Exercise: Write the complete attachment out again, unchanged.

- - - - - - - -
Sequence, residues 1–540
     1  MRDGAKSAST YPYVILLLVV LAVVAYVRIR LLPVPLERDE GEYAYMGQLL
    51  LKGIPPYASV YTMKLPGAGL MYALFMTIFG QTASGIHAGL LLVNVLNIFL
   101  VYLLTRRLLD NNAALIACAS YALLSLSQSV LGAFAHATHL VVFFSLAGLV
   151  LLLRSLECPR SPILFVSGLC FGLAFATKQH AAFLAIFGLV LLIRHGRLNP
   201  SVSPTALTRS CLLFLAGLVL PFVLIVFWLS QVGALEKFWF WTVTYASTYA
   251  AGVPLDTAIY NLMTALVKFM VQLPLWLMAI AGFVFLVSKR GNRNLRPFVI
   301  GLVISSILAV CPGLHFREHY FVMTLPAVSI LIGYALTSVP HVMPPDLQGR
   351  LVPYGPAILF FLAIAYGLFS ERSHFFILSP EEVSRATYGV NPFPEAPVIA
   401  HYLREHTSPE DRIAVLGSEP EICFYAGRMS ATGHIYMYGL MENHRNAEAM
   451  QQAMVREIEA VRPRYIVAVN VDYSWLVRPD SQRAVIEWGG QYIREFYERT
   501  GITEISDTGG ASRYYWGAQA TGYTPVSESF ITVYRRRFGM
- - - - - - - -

Sequence, residues 1–540
     1  MRDGAKSAST YPYVILLLVV LAVVAYVRIR LLPVPLERDE GEYAYMGQLL
    51  LKGIPPYASV YTMKLPGAGL MYALFMTIFG QTASGIHAGL LLVNVLNIFL
   101  VYLLTRRLLD NNAALIACAS YALLSLSQSV LGAFAHATHL VVFFSLAGLV
   151  LLLRSLECPR SPILFVSGLC FGLAFATKQH AAFLAIFGLV LLIRHGRLNP
   201  SVSPTALTRS CLLFLAGLVL PFVLIVFWLS QVGALEKFWF WTVTYASTYA
   251  AGVPLDTAIY NLMTALVKFM VQLPLWLMAI AGFVFLVSKR GNRNLRPFVI
   301  GLVISSILAV CPGLHFREHY FVMTLPAVSI LIGYALTSVP HVMPPDLQGR
   351  LVPYGPAILF FLAIAYGLFS ERSHFFILSP EEVSRATYGV NPFPEAPVIA
   401  HYLREHTSPE DRIAVLGSEP EICFYAGRMS ATGHIYMYGL MENHRNAEAM
   451  QQAMVREIEA VRPRYIVAVN VDYSWLVRPD SQRAVIEWGG QYIREFYERT
   501  GITEISDTGG ASRYYWGAQA TGYTPVSESF ITVYRRRFGM